The study data were pre-processed by the ABCD team and comprised 117 adoptees and 4,382 non-adoptees. All participants were between the ages of nine and 10 years. The genetic risk scores (GRS) developed from genome-wide association studies (GWAS) allowed the researchers to quantify the genetic liability of MDD and AD. 

Two AD GRSs were considered, in which the first apolipoprotein E (APOE) AD GRS included only the APOE region, whereas the second excluded the APOE region. These two AD GRSs were computed to investigate neurocognitive impairments trajectories and variance in susceptibility to environmental factors.

The APOE-based risk was associated with alterations in normal brain maturation from young childhood onwards. Moreover, the presence of this risk helped predict memory-related deficits, growing from progressive temporal and posterior parietal atrophy.

The no-APOE-based risk for AD predicted the development of relatively stronger deficits in language, cognitive control, and visuospatial processing. This was associated with a progressive pattern of neurodegeneration linked to temporal, frontal, and parietal lobe structures.

Cortical thickness was considered to determine the structural neurodevelopmental timing due to its well-defined maturational trajectory, which is regulated by genes and is susceptible to ELA. Among non-adoptees, a significant GRS-brain association was found, thus indicating that this group had a greater vulnerability to AD and/or MDD. In addition, this group exhibited reduced vigor in neural activity on inhibitory control tasks.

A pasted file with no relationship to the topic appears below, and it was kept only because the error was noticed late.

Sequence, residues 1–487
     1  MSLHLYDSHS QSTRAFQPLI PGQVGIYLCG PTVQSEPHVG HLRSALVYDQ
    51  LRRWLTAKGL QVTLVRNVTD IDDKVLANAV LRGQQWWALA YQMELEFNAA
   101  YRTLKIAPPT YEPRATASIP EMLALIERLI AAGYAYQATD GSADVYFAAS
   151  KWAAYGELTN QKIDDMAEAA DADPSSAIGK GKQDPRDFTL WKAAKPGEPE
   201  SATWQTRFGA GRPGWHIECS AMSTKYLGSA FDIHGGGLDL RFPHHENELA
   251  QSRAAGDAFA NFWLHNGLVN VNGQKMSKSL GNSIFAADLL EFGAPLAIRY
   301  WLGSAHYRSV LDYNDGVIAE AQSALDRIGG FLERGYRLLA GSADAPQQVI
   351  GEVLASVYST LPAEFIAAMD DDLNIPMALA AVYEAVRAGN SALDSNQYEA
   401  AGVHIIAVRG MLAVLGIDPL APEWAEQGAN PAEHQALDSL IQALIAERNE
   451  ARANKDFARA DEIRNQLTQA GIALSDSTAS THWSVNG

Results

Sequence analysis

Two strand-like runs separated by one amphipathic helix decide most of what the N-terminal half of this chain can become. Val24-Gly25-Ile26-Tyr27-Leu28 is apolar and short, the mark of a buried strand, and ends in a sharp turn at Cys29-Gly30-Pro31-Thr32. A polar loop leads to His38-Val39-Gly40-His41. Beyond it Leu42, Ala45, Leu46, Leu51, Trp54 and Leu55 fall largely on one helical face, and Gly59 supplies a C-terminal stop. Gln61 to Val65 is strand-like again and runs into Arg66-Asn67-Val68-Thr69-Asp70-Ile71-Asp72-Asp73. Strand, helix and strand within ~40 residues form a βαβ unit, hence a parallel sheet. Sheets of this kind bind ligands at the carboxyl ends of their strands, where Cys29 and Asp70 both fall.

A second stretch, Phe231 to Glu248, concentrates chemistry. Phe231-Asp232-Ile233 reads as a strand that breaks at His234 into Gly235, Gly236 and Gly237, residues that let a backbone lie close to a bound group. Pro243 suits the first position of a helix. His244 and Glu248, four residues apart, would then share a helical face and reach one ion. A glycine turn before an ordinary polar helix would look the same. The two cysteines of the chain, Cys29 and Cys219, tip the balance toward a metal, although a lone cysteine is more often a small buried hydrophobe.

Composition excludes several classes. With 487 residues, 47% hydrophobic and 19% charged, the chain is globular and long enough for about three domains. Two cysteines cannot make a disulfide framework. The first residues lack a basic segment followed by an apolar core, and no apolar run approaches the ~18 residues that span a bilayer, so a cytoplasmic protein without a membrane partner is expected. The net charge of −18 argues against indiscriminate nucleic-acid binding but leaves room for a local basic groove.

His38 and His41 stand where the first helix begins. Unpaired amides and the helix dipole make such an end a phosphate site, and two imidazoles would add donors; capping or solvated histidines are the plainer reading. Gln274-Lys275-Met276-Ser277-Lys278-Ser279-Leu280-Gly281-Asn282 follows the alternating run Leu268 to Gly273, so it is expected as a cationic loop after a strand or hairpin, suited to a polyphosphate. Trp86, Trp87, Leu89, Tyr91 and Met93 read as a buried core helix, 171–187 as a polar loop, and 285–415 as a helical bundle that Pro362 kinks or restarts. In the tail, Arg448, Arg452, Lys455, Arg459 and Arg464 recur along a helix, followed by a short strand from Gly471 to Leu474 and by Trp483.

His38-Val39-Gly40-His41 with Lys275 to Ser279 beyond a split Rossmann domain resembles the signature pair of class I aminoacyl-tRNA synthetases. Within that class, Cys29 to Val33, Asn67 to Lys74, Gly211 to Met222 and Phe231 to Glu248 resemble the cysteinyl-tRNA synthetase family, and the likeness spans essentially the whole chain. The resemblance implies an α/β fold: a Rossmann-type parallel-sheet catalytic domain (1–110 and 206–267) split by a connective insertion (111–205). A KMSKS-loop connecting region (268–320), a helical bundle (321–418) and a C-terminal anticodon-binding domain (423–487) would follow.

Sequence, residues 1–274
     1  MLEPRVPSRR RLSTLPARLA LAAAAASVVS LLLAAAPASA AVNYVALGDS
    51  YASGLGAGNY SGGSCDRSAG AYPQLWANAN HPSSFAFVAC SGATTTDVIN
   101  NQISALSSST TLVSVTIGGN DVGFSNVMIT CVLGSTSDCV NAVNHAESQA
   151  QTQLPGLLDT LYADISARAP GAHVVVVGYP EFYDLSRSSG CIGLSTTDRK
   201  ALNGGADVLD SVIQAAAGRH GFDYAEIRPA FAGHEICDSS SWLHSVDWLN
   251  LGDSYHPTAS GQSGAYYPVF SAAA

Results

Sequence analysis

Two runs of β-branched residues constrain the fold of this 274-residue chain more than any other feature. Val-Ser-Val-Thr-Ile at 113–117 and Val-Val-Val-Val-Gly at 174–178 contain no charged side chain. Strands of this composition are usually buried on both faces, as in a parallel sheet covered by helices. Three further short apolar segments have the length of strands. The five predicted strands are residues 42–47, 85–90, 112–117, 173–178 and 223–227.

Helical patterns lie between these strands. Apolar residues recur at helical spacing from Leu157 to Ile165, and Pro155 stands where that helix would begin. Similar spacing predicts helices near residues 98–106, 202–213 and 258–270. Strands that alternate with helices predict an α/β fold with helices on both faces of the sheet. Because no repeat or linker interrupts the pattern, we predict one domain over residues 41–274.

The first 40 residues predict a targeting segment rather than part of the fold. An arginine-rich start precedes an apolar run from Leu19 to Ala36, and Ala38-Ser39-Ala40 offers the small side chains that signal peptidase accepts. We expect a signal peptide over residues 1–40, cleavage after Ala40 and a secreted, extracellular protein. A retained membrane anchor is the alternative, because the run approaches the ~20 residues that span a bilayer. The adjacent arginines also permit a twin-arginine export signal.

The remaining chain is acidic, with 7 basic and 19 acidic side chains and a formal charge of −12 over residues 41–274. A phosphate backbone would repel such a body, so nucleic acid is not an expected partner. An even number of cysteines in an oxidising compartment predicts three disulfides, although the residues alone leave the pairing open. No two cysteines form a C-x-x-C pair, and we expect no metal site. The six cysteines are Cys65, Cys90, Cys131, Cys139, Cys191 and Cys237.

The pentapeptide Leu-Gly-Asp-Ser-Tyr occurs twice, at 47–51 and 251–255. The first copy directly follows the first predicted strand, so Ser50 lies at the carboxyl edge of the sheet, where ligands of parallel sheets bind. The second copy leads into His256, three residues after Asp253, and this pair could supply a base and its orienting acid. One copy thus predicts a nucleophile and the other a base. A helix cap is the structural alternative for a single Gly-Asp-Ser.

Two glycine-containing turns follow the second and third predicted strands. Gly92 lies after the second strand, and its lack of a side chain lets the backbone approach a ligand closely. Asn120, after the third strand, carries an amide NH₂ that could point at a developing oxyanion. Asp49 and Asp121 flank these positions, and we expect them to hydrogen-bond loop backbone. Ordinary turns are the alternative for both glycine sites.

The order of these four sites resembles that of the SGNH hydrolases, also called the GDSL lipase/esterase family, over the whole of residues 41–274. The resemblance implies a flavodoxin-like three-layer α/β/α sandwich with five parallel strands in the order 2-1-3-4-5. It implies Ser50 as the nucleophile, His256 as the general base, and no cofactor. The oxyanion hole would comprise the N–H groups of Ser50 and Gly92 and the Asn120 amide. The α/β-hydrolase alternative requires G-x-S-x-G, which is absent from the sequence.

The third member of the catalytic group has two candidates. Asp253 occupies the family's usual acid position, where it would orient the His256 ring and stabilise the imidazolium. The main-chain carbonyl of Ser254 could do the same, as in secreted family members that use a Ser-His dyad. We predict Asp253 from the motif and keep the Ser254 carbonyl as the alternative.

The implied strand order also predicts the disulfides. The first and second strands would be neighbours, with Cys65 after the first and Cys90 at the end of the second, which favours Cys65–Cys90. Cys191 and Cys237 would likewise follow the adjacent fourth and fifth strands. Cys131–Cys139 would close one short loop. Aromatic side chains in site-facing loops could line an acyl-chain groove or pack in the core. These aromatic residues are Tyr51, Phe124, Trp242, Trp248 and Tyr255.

Consistent with prior studies based on rodent models, an overlap in neurodevelopmental changes was detected for MDD and APOE-based AD risk among non-adoptees. This finding reveals that overlapping maturational deviations are associated with MDD and no-APOE-based AD vulnerability.

However, shared neural alterations linked with MDD and APOE-based AD liability could have originated from correlated gene-environment influences, which emphasizes the impact of both direct and indirect genetic factors. Notably, parental care did not influence the association between genetic risk and neurocognitive development in adoptees and non-adoptees.

Future outlook

The current study has provided important foundational information for future studies to build upon in various directions, such as the discovery of GRS-contributing single nucleotide polymorphisms (SNPs), which could help determine the clinical symptoms and underlying mechanisms that accelerate brain aging. This research could also elucidate the molecular pathways through which APOE variants may protect or enhance vulnerability to aging-related cognitive decline.

The varied neurocognitive alterations based on general and emotional context-specific tasks that are associated with the possible manifestation of AD and/or MDD risk would also be worth exploring. A larger number of adoptees is needed to support the findings of this study with statistical analysis of subgroups based on sex and gender.

Originally Posted Here

Related Articles

Leave a Reply

Your email address will not be published. Required fields are marked *

Back to top button